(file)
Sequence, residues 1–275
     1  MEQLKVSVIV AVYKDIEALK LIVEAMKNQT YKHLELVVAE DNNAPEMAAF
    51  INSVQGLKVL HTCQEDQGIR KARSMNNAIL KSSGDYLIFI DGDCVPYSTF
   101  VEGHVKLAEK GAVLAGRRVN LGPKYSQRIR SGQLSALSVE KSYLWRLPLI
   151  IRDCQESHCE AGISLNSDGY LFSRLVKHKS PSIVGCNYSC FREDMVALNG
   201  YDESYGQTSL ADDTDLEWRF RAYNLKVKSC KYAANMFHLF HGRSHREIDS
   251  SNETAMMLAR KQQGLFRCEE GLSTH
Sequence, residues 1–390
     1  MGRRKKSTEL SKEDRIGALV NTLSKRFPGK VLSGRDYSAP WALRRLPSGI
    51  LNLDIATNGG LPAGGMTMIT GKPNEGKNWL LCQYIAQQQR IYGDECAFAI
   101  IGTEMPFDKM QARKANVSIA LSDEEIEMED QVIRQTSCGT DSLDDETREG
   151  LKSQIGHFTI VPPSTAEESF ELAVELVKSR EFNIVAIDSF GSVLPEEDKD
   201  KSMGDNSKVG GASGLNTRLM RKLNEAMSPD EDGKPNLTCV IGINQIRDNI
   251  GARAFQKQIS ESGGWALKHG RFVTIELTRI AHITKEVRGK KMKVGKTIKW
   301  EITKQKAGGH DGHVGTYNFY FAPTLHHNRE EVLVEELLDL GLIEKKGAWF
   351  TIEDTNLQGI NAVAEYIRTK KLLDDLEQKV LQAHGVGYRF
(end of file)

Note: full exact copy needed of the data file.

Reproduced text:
Sequence, residues 1–275
     1  MEQLKVSVIV AVYKDIEALK LIVEAMKNQT YKHLELVVAE DNNAPEMAAF
    51  INSVQGLKVL HTCQEDQGIR KARSMNNAIL KSSGDYLIFI DGDCVPYSTF
   101  VEGHVKLAEK GAVLAGRRVN LGPKYSQRIR SGQLSALSVE KSYLWRLPLI
   151  IRDCQESHCE AGISLNSDGY LFSRLVKHKS PSIVGCNYSC FREDMVALNG
   201  YDESYGQTSL ADDTDLEWRF RAYNLKVKSC KYAANMFHLF HGRSHREIDS
   251  SNETAMMLAR KQQGLFRCEE GLSTH
Sequence, residues 1–390
     1  MGRRKKSTEL SKEDRIGALV NTLSKRFPGK VLSGRDYSAP WALRRLPSGI
    51  LNLDIATNGG LPAGGMTMIT GKPNEGKNWL LCQYIAQQQR IYGDECAFAI
   101  IGTEMPFDKM QARKANVSIA LSDEEIEMED QVIRQTSCGT DSLDDETREG
   151  LKSQIGHFTI VPPSTAEESF ELAVELVKSR EFNIVAIDSF GSVLPEEDKD
   201  KSMGDNSKVG GASGLNTRLM RKLNEAMSPD EDGKPNLTCV IGINQIRDNI
   251  GARAFQKQIS ESGGWALKHG RFVTIELTRI AHITKEVRGK KMKVGKTIKW
   301  EITKQKAGGH DGHVGTYNFY FAPTLHHNRE EVLVEELLDL GLIEKKGAWF
   351  TIEDTNLQGI NAVAEYIRTK KLLDDLEQKV LQAHGVGYRF